37 Summary 5.1 Organisations must ensure that the process of assessment is transparent and that opportunities are provided for individuals to understand the basis upon which criminal history information is assessed. 5.2 Organisations must have transparent assessment policies and procedures that include consideration of: Personal factors of the individual, including the context of the offending and Situational factors, including the nature of the prescribed functions and the nature and vulnerability of the children receiving the services. 5.3 Before completing a risk assessment of an individual (with a criminal history), the organisation must allow the individual the opportunity to provide further information on criminal history information and contextual factors and this information must be taken into account during the assessment. 5.4 Where the criminal history information relevant to the individual suggests a prima facie risk of harm to children it may be appropriate that the individual bears the onus of proving they do not pose such a risk. 5.5 Where the criminal history of an individual does not indicate a prima facie risk but where there are other strong indicators of risk that cause concern, it may be appropriate for the decision maker to bear the onus of proving that the individual poses a risk of harm to children. 5.6 Organisations should maintain written evidence (e.g. minutes of assessment meetings; risk assessment procedures) that indicates consideration of individual cases rather than automated clearances or preclusions (see Standard 7). 37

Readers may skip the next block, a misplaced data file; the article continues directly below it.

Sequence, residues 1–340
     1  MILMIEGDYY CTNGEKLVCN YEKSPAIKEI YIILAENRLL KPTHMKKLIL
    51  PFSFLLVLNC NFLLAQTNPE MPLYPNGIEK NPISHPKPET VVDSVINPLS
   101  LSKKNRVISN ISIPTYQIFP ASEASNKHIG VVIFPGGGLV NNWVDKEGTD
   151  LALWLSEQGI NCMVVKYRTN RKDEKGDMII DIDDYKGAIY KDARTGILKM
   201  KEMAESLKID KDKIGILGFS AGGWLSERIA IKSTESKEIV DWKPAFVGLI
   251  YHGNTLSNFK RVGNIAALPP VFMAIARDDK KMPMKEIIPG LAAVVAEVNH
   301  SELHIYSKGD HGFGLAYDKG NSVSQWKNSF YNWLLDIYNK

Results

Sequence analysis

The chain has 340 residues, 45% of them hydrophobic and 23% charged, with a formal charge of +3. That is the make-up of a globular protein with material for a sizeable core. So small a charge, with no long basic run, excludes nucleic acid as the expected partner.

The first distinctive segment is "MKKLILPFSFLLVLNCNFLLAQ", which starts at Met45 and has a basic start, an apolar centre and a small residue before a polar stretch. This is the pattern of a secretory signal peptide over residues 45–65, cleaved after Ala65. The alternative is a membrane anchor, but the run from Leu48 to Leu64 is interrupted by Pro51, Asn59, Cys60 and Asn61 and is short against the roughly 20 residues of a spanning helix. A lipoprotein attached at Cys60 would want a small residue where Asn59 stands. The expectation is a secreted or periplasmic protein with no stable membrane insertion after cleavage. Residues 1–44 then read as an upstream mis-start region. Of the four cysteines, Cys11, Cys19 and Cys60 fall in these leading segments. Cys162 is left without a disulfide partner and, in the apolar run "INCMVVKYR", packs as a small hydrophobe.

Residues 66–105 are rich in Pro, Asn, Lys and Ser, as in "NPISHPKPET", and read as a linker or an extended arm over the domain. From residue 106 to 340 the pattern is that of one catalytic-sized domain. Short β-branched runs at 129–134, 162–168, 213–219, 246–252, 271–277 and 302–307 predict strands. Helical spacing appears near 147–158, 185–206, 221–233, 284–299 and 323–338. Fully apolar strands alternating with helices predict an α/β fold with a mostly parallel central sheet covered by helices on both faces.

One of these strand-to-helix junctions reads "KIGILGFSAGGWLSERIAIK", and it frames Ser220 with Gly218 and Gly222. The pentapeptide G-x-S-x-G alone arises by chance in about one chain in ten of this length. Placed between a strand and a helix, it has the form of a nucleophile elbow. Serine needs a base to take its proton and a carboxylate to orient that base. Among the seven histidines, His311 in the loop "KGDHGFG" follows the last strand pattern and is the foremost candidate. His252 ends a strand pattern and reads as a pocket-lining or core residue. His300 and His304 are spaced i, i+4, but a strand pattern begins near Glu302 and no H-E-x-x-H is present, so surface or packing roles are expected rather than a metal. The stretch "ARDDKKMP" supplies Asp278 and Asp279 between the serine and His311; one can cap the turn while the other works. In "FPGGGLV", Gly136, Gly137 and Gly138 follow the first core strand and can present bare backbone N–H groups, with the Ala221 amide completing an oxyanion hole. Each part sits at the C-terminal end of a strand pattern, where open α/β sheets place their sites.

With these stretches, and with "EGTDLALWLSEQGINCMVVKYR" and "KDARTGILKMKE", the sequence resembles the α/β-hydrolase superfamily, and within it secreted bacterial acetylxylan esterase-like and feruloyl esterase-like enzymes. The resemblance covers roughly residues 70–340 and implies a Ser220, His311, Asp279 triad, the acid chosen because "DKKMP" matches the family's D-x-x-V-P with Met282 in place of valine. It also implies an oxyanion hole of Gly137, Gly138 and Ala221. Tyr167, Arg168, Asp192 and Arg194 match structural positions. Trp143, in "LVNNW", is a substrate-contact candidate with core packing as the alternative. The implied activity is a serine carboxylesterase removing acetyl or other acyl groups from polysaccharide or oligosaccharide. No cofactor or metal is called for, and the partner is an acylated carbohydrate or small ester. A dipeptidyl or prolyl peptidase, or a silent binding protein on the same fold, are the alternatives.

38 Standard 6: Ensuring procedural fairness throughout the assessment and decision-making processes The organisation ensures that employees, volunteers and applicants are given notice that factors of concern exist that may influence the decision making process. The organisation ensures that employees, volunteers and applicants are given an opportunity to provide input into the decision-making process and respond to factors of concern. The organisation ensures that information provided by the person for the purpose of assessing relevant history information is taken into account during the assessment and decision making process. Where applicable, the person must be provided with information regarding internal and external grievance procedures available to them. The organisation s decision to employ or retain the services of a person with any recorded convictions is rigorous, defensible, transparent and evidencebased. The overriding purpose in screening employees, volunteers and applicants is to minimise the risk of harm to children. Guidelines Procedural fairness is an important aspect of making a decision about a person's employment. 38 Decisions to not employ an individual due to their criminal history must be fair and equitable, based on the principles of procedural fairness. Ensuring that principles of procedural fairness are followed in the decision making process will help ensure that people are not unfairly excluded from working with children and will promote fair and correct decision-making. While procedural fairness does not have a single recognised definition, at its core, it requires fair, accessible, transparent and equitable decision-making processes. 39 Procedural fairness arises out of a fundamental sense of justice and good administration, requiring the proper process to be followed rather than being a substantive right. Good governance requires that organisations are clear about the foundations for decision-making. Procedural fairness demands that there is a rationale for excluding persons from child-related employment. This rationale must be transparent, relevant, evident and objective. It cannot be harsh or a disproportionate response to the offence or conviction. 38 Human Rights Commission, Discrimination in Employment on the Basis of Criminal Record: Discussion Paper, HREOC, December At: 39 Australian Law Reform Commission, ALRC 95 Principled Regulation: Federal Civil and Administrative Penalties in Australia. ALRC, Canberra, At: 38